Energy Excursions

Low Temperature Geothermal

Geothermal Heat Pumps

Heat pumps move heat from one place to another using electricity. Air conditioners and refrigerators are two common examples of heat pumps. Earth’s natural temperature resources can be used with heat pump technology to heat and cool buildings. Temperatures at about 30 feet below the surface remain relatively constant year-round—between about 50°F (10°C) and 59°F (15°C). For most areas in the United States, this means soil temperatures are usually warmer than the air in winter and cooler than the air in summer.1U.S. Dept. of Energy, Office of Energy Efficiency & Renewable Energy. (n.d.). Geothermal Heat Pumps. (accessed 2023, July 5). https://www.energy.gov/eere/geothermal/geothermal-heat-pumps 

Geothermal heat pumps (GHPs) take advantage of constant underground temperatures to efficiently exchange temperatures, heating homes in the winter and cooling homes in the summer.

Geothermal heat pumps (GHP), also known as ground source heat pumps, take advantage of these constant underground temperatures to efficiently exchange temperatures, heating homes in the winter and cooling homes in the summer. GHPs exchange heat with the subsurface, often through a vertical shallow borehole as shown in this animation. A GHP delivers heating in the cold season and cooling in the warm season. The system does not burn fuel to generate heat, but rather it transfers heat from the subsurface to the space at the surface. Thus, GHPs are highly efficient.2U.S. Dept. of Energy, Office of Energy Efficiency & Renewable Energy. (n.d.). Geothermal Heat Pumps. (accessed 2023, July 5). https://www.energy.gov/eere/geothermal/geothermal-heat-pumps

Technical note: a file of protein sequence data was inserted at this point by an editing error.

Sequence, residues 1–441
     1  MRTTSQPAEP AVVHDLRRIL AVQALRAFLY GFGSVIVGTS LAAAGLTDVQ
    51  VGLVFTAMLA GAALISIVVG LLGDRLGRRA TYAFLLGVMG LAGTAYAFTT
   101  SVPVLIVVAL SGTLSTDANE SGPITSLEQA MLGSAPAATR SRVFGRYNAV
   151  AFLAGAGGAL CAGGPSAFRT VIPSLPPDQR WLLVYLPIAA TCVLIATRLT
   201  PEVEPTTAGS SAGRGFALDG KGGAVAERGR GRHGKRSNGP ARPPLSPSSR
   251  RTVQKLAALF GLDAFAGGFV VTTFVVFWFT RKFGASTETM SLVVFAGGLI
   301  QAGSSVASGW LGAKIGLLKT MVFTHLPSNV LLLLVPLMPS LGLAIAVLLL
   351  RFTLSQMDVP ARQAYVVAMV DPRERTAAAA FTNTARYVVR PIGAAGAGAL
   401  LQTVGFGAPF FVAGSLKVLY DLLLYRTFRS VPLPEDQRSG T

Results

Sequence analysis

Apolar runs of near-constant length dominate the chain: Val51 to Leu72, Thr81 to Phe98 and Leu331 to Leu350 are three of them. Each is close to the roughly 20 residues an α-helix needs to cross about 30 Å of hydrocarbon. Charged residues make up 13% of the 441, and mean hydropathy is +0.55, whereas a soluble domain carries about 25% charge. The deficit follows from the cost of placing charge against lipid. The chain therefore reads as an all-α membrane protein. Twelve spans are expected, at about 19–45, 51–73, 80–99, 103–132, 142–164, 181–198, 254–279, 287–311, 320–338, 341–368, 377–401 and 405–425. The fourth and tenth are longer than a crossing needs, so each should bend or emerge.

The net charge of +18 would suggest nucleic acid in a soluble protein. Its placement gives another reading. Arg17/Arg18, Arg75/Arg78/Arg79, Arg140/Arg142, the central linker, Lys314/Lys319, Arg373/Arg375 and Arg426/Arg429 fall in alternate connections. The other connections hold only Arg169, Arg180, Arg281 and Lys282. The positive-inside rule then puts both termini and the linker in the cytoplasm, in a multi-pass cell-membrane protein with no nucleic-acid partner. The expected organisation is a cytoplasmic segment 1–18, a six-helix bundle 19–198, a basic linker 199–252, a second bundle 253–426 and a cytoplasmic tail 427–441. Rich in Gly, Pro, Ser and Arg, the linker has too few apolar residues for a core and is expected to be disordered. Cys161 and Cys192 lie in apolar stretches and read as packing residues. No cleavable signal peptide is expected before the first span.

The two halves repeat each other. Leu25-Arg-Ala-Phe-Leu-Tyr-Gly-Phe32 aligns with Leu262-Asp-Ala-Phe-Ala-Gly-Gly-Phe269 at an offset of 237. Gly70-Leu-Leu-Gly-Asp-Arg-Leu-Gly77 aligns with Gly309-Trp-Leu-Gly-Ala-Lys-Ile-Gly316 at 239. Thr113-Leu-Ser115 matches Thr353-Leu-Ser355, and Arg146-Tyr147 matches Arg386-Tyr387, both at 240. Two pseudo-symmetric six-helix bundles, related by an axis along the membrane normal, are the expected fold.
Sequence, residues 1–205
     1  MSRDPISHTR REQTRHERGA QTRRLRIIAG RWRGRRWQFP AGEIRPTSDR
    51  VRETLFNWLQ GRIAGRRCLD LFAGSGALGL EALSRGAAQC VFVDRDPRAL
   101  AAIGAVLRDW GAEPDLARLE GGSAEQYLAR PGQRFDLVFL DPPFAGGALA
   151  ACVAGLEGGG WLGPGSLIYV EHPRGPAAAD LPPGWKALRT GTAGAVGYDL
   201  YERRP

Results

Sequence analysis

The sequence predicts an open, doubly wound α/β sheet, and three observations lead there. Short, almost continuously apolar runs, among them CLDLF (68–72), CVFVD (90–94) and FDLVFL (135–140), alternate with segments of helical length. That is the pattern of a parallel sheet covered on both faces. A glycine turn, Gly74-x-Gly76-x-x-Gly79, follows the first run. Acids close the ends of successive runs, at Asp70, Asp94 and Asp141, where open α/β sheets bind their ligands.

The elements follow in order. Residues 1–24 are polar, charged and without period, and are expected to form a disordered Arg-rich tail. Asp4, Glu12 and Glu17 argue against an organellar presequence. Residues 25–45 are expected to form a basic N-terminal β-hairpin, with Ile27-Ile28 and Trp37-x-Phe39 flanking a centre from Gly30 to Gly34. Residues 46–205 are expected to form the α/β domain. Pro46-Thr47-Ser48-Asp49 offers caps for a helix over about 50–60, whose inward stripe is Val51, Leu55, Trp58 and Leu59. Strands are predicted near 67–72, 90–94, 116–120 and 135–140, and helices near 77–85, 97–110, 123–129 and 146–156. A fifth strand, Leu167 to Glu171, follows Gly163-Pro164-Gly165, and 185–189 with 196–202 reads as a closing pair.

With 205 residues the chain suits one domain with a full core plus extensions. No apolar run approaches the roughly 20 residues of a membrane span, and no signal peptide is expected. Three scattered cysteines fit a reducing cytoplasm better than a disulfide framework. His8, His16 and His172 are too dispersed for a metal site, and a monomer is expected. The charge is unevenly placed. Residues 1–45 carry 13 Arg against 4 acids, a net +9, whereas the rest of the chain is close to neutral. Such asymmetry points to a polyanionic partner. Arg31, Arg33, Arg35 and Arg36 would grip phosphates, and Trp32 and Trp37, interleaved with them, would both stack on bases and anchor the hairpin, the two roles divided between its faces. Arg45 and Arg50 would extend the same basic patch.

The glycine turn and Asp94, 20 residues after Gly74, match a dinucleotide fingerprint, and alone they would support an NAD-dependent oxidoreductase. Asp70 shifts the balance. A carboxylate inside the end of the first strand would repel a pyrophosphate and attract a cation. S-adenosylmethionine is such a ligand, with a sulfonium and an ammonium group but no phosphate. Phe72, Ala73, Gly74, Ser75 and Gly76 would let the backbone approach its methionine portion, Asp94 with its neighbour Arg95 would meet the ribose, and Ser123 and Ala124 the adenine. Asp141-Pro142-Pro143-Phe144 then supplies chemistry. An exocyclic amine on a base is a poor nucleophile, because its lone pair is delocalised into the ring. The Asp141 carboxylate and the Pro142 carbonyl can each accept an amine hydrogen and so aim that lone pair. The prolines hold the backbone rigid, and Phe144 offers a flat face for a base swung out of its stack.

Geothermal Heat Pump System Components

A geothermal heat pump system includes three components, as described below:3U.S. Dept. of Energy, Office of Energy Efficiency & Renewable Energy. (n.d.). Geothermal Heat Pumps. (accessed 2023, July 5). https://www.energy.gov/eere/geothermal/geothermal-heat-pumps